Florida Senate - 2016                                    SB 1700
       By Senator Sachs
       34-01648-16                                           20161700__
    1                        A bill to be entitled                      
    2         An act relating to labeling of genetically engineered
    3         foods; creating s. 500.92, F.S.; providing
    4         definitions; providing mandatory labeling requirements
    5         for genetically engineered raw foods and processed
    6         foods made with or derived from genetically engineered
    7         ingredients by a specified date; exempting specified
    8         foods, commodities, ingredients, and other substances
    9         from the labeling requirements; directing the
   10         Department of Health to adopt rules; providing for
   11         enforcement of the labeling requirements; providing
   12         administrative and civil remedies and penalties;
   13         providing legislative intent with regard to such
   14         penalties; providing for injunctive relief actions;
   15         requiring the court to award costs and fees under
   16         certain circumstances; specifying injunctive relief
   17         actions do not preclude civil actions for damages;
   18         providing an effective date.
   20         WHEREAS, Florida has the right to protect the liberty of
   21  its citizens to be free to make the most fundamental of life
   22  choices of what to eat and put on their tables to feed their
   23  families, and
   24         WHEREAS, the Legislature finds that consumers should have
   25  the right to know whether the foods they purchase contain
   26  genetically engineered material, and
   27         WHEREAS, without mandatory labeling of genetically
   28  engineered foods, consumers may unknowingly violate their own
   29  dietary or religious principles, and
   30         WHEREAS, the lack of labeling denies health professionals
   31  the ability to trace potential toxic or allergic reactions to,
   32  and other adverse health effects from, genetically engineered
   33  food, and
   34         WHEREAS, labeling requirements for genetically engineered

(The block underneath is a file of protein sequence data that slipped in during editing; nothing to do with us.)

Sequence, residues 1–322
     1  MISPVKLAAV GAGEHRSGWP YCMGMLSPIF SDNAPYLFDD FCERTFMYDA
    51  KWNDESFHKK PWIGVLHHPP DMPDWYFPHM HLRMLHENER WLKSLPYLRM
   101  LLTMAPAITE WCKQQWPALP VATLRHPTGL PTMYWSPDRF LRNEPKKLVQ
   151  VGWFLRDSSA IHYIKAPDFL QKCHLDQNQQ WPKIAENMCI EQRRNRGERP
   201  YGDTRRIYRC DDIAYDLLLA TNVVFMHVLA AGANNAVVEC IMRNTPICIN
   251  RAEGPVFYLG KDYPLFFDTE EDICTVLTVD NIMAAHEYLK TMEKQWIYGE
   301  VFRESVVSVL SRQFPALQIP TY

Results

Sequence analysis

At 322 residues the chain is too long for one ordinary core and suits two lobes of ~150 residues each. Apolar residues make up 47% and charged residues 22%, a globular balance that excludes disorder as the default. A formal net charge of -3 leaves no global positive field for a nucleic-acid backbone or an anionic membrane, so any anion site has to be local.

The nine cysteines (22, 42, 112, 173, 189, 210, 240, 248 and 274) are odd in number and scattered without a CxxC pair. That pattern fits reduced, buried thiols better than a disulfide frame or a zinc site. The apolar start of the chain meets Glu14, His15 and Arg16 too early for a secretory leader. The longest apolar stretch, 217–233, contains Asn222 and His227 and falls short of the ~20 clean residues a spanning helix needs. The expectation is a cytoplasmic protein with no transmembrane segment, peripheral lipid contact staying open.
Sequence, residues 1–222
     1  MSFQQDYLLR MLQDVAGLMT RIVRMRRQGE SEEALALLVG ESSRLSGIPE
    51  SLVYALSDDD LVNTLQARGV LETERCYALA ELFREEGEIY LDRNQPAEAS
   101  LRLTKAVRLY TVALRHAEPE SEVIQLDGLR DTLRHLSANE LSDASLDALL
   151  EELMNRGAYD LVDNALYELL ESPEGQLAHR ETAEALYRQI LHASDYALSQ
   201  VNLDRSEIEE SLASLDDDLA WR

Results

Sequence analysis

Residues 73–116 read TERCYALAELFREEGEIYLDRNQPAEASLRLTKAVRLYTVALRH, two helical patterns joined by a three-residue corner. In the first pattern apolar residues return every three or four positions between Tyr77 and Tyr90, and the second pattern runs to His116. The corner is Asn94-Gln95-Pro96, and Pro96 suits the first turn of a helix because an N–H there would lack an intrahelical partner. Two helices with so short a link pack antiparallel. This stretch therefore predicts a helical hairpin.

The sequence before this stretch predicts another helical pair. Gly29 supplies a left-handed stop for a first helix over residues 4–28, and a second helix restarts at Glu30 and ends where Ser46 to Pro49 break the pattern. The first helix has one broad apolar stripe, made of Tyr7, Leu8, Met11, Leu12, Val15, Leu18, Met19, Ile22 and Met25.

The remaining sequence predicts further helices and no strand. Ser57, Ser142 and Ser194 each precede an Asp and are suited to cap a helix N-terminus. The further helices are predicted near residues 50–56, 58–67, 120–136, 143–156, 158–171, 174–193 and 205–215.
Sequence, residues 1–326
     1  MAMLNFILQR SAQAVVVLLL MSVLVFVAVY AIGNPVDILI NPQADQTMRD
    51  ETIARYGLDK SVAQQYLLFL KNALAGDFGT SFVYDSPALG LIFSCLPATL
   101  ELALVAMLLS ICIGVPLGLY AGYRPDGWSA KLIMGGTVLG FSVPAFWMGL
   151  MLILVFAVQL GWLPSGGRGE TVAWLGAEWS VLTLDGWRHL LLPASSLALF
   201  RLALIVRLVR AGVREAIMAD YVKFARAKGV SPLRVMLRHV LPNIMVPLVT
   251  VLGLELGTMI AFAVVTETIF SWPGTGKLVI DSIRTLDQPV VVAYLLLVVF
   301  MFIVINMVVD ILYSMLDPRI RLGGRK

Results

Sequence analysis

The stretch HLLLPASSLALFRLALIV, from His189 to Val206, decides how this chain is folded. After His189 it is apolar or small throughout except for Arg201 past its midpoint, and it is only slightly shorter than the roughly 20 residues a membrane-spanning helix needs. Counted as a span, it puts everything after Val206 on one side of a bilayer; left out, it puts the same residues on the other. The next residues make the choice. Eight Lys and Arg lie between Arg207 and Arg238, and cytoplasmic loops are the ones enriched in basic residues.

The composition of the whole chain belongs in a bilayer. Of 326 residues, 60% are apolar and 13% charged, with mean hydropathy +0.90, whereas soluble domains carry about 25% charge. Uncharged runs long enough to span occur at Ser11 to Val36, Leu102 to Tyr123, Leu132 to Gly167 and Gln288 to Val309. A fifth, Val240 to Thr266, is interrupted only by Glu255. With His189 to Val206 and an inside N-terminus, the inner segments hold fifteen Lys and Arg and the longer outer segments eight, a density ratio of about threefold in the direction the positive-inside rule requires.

35  foods are needed to facilitate both the withdrawal of products
   36  where unforeseen adverse effects on human health, animal health,
   37  or the environment, including ecosystems, are established, and
   38  the targeting of monitoring to examine potential effects on
   39  health and the environment, and
   40         WHEREAS, many medical and public health groups still have
   41  questions regarding the potential long-term impact of
   42  genetically engineered foods on human health and the
   43  environment, and
   44         WHEREAS, many medical and public health groups, including,
   45  but not limited to, the American College of Physicians, American
   46  Public Health Association, American Nurses Association, British
   47  Medical Association, Australian Medical Association, Irish
   48  Medical Organization, and German Medical Association, have
   49  passed resolutions or otherwise supported the mandatory labeling
   50  of genetically engineered foods to facilitate further health
   51  research, and
   52         WHEREAS, sixty-four developed or developing nations have
   53  banned, restricted, or required labeling of products that are
   54  genetically engineered, and
   55         WHEREAS, Floridians should have the same freedom to make
   56  informed choices about the food they eat as consumers or grow
   57  and offer to market as farmers, and
   58         WHEREAS, no international agreement prohibits the mandatory
   59  labeling of genetically engineered foods, and
   60         WHEREAS, the cultivation of genetically engineered crops
   61  can negatively impact the environment, in some cases
   62  necessitating the use of increasingly toxic herbicides that can
   63  damage agricultural areas, impair drinking water, and pose
   64  health risks to consumers and farmworkers, and
   65         WHEREAS, consumers should have the choice to avoid